Developing and validating clinical features-based machine learning algorithms to predict influenza infection in influenza-like illness patients

Shang Kai Hung, Chin Chieh Wu, Avichandra Singh, Jin Hua Li, Christian Lee, Eric H. Chou, Andrew Pekosz, Richard Rothman, Kuan Fu Chen*

*Corresponding author for this work

Research output: Contribution to journalJournal Article peer-review

4 Scopus citations

Abstract

Background: Seasonal influenza poses a significant risk, and patients can benefit from early diagnosis and treatment. However, underdiagnosis and undertreatment remain widespread. We developed and compared clinical feature-based machine learning (ML) algorithms that can accurately predict influenza infection in emergency departments (EDs) among patients with influenza-like illness (ILI). Material and methods: We conducted a prospective cohort study in five EDs in the US and Taiwan from 2015 to 2020. Adult patients visiting the EDs with symptoms of ILI were recruited and tested by real-time RT-PCR for influenza. We evaluated seven ML algorithms and compared their results with previously developed clinical prediction models. Results: Out of the 2189 enrolled patients, 1104 tested positive for influenza. The eXtreme Gradient Boosting achieved superior performance with an area under the receiver operating characteristic curve of 0.82 (95% confidence interval [CI] = 0.79–0.85), with a sensitivity of 0.92 (95% CI = 0.88–0.95), specificity of 0.89 (95% CI = 0.86–0.92), and accuracy of 0.72 (95% CI = 0.69–0.76) in the testing set over cut-offs of 0.4, 0.6 and 0.5, respectively. These results were superior to those of previously proposed clinical prediction models. The model interpretation revealed that body temperature, cough, rhinorrhea, and exposure history were positively associated with and the days of illness and influenza vaccine were negatively associated with influenza infection. We also found the week of the influenza season, pulse rate, and oxygen saturation to be associated with influenza infection. Conclusions: The clinical feature-based ML model outperformed conventional models for predicting influenza infection.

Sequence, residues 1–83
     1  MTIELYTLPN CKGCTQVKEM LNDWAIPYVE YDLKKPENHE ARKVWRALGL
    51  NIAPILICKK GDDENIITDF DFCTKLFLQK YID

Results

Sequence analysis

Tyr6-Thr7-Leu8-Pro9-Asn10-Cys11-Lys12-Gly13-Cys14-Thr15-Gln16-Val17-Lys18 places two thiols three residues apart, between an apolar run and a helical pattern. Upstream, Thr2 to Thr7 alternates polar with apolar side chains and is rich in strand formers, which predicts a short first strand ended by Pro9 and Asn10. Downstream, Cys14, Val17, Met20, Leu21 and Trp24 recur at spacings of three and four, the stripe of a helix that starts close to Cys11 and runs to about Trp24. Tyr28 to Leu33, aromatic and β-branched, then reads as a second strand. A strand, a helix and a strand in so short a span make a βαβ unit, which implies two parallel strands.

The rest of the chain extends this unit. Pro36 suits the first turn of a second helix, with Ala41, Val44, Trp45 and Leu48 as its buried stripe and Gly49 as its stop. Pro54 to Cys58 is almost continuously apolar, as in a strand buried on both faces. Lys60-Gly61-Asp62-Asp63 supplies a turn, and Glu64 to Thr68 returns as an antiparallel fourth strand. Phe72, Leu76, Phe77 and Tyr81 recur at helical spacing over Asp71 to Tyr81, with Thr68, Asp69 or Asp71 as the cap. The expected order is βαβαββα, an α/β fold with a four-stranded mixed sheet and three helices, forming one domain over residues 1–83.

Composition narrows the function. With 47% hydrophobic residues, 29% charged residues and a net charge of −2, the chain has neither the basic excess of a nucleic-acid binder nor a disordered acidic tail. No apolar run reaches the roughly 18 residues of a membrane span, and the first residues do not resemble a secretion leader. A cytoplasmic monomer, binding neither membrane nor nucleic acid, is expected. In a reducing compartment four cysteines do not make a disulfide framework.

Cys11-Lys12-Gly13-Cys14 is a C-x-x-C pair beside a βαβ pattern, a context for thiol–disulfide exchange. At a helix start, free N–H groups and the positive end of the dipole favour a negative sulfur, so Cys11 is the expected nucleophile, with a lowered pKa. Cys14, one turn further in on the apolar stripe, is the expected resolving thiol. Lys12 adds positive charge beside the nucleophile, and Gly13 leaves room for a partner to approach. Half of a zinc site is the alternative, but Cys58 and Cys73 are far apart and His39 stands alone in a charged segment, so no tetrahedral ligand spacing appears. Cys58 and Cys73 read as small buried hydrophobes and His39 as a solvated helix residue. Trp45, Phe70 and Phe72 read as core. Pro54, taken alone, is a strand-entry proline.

Original languageEnglish
Article number100561
Pages (from-to)100561
JournalBiomedical Journal
Volume46
Issue number5
DOIs
StatePublished - 10 2023

Bibliographical note

Copyright © 2022 Chang Gung University. All rights reserved.

Keywords

  • Influenza infection
  • Influenza-like illness
  • Machine learning
  • Prediction model
  • Influenza, Human/diagnosis
  • Influenza Vaccines/therapeutic use
  • Prospective Studies
  • Algorithms
  • Humans
  • Adult
  • Machine Learning

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